Binge Eating Therapy

How To Stop Procrastinating

As I mentioned in my last post, stress eating is a result of one of two things.

1.) You have no control over the outcome of something, such as  getting laid off or dealing with someone else’s reaction to something you said or did.

2.)You do have control over something, such as paying your bills or cleaning your house, but you can’t seem to get yourself to do it.

In the last post, I discussed ways to soothe yourself as you accept the things you cannot change. Now, let’s discuss how to actually get the things done that you can control.

To procrastinate is to delay important tasks to an unspecified future time. Often, people will replace the task at hand with something that gives instant gratification such as snacking or drinking or watching tv, surfing the net or doing something else that isn’t particularly necessary and can even be harmful in the case of compulsive behaviors such as spending, binge eating or drinking.

Procrastination usually results in guilt, stress and in some extreme cases, the behavior that replaces the task at hand (the procrastination behavior- what you do instead of studying/paying bills/cleaning/exercising etc.) can cause a crisis or an addiction.  Because procrastination perpetuates itself, it can cause guilt, shame, and isolation as some people might feel bad for not being able to complete the tasks that they were supposed to in a reasonable amount of time. These feelings can cause further procrastination as the person avoids what they need to do and they anxiety around it and redirects their energy into preparing food and eating it.

If you are already prone to binge eating, procrastination can be catnip for your behavior.

How to Stop Procrastinating and Beat Stress Eating

1.) Keep it Simple. This is not a black and white situation. You don’t have to complete this task perfectly. Sometimes people put off a task because it seems just so big and overwhelming.This is about progress, not perfection. Do the best you can.

2.) Take fifteen minute blocks. If you have something to do, set a timer for 15 minutes and just work on it for that long. After 15 minutes, reward yourself with a non-food activity, such as checking your email or facebook page. Give yourself a five minute reward, then get back to the task.

3.) Break it down into smaller bite sized pieces. Rather than cleaning out your whole closet, take just one corner of your closet and clean that section. Each day, take some time to clean out another small section. In a few days, it will all be done. Just do one small section, take no longer than 20-30 minutes each day if you’re trying to organize something. Eventually, it will be complete.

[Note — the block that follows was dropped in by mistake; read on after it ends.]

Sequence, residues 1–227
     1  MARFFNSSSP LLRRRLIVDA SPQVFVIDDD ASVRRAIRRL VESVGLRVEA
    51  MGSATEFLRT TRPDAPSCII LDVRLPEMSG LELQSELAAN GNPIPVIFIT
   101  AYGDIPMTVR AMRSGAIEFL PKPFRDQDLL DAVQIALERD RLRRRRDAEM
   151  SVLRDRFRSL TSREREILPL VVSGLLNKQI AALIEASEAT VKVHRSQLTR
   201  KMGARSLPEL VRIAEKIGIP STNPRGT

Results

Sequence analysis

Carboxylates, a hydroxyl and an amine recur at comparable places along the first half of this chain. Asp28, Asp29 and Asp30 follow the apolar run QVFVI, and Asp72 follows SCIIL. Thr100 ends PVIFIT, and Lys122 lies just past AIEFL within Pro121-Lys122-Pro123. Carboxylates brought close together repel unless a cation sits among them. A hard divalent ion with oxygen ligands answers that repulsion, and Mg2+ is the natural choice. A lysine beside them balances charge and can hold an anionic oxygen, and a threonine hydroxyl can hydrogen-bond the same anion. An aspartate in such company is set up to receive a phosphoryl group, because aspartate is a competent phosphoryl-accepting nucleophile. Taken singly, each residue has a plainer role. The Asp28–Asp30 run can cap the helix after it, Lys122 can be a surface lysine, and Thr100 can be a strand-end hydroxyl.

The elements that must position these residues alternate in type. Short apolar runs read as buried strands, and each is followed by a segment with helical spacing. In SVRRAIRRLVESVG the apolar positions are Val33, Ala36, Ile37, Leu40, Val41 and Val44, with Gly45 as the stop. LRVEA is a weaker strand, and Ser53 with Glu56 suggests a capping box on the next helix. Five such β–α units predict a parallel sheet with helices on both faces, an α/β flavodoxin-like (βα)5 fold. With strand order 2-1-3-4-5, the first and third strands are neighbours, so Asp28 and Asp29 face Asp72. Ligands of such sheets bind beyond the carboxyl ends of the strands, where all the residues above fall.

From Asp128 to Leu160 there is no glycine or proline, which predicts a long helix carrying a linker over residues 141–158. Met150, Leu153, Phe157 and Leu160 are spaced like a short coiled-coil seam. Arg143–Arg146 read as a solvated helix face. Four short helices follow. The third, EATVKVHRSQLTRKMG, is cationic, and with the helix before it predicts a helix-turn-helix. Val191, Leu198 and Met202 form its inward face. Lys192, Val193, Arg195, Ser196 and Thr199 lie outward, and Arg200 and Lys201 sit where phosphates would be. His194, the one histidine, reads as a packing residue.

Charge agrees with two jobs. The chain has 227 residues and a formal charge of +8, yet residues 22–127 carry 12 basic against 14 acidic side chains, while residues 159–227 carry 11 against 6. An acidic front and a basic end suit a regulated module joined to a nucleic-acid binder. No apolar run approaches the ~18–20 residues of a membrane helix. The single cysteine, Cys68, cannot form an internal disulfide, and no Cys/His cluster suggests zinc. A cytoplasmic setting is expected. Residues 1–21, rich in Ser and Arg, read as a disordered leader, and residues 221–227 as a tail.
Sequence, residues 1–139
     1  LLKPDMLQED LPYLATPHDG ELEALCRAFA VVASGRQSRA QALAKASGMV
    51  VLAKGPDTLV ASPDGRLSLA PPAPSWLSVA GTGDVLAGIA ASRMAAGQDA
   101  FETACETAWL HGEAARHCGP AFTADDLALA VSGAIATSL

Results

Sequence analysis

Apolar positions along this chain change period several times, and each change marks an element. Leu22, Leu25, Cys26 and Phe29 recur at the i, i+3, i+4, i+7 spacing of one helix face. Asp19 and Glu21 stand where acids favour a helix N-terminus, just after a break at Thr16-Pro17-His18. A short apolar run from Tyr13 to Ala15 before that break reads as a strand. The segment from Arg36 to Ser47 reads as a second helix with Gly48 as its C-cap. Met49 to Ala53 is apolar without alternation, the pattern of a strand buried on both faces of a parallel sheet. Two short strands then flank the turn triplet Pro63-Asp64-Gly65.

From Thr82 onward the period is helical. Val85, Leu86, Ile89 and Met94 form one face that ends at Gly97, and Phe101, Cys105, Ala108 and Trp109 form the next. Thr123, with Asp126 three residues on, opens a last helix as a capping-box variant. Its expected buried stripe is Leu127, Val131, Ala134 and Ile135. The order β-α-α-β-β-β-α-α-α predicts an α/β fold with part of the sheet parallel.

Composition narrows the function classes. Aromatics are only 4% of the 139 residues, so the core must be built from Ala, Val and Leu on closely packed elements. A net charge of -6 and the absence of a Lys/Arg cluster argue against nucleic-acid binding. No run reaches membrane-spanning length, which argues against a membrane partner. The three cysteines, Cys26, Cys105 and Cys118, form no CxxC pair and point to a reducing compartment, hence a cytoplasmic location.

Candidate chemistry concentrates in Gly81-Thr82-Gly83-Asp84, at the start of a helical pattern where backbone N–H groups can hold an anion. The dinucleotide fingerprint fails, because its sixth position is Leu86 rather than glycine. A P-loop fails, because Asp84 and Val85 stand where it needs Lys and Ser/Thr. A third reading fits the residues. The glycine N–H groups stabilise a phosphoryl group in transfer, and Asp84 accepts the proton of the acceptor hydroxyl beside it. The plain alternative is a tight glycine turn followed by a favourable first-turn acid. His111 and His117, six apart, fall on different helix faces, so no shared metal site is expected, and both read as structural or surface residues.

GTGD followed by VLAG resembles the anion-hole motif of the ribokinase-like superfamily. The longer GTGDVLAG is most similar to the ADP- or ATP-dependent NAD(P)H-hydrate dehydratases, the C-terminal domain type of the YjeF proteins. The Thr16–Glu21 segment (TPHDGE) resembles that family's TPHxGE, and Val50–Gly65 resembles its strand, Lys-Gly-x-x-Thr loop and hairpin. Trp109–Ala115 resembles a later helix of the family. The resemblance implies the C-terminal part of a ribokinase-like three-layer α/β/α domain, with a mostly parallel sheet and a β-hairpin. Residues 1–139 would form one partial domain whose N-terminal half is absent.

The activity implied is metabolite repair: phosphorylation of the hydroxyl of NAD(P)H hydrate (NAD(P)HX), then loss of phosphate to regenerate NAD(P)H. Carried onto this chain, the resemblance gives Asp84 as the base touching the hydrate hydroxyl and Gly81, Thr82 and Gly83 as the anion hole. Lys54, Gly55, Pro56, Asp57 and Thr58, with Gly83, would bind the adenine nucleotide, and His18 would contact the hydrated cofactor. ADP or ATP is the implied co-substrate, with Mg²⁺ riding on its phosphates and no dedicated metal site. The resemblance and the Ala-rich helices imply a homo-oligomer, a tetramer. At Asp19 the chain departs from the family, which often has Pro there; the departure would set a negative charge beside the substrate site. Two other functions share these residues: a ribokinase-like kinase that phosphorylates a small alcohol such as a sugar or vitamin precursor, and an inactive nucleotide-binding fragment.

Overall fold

4.) Make a list of what exactly needs to be done. Think about which thing is the easiest. Begin to do the easiest things first, get that all out of the way. When you do, you will find that as you cross things off the list, you are feeling more confident and things are getting done and you are feeling more energized and confident about finishing your projects.

5.) Get a buddy. Talk to someone else who is a procrastinator and see if the two of you can plan to do things together. For example, you might meet at a coffee shop while you do your taxes and your friend works on her dissertation. You might get headphones and chat on the phone together as you clean your closets. If there is a particularly grueling task that you’ve been putting off, you might do them together, such as have a date to go to the DMV and then have tea afterwards.

6.) When you feel the urge to get up and go to the kitchen, set your timer for 20 minutes. Tell yourself that you’re just going to work on your task for 20 minutes, after that, you can go to the kitchen if you want. Hopefully this will offset the compulsive behavior and you will find that you are able to get absorbed in what you are doing.

7.) Remind yourself why you are doing the task and think about how you will feel when the task is done. Think about how you will feel if you put off the task by using food. Reminding yourself of consequences is a good way to keep yourself honest. Really think about the consequences of putting off the task by using food.

8.) Get away from a place that has your procrastination mistress, for example, don’t spend time in the kitchen. If you’re needing to do bills or taxes or work on homework or a paper or studying, get out of your house and go to the library.

9.) Bookend the task. Call someone before you start and tell them your intention. Tell them how long you expect the task to take you, tell them exactly what you’re going to do and how you’re going to do it, tell them that you’re not going to use food to procrastinate. Give them an approximate time as to when you will be done with the task and call them to let them know you’ve completed it.

10.) Give the task less power and yourself more. You are stronger than the urge to procrastinate. You are smarter and more able than the task. You can get this done. You have everything inside of you that you need to do this. So, just go ahead and do it.

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Most recent quote from community member: "Unbelievable progress. I had a slice of cake, wasn't that fussed about it and moved on. Cake is just cake! I never thought I'd get to this place. I keep thinking back to an earlier meditation when all the negative energy left down through my feet. That was really powerful. I'm planning to play it again. I've also drawn up a weekly meal plan of healthy balanced meals. This just helps to give me a bit of guidance and planning and eliminates any need for impulsive decisions when I often feel stressed after work. Amazing, thank you so much. I always hoped for hope, but n ow I feel like I'm living hope! I'm so grateful Leora. Thank you."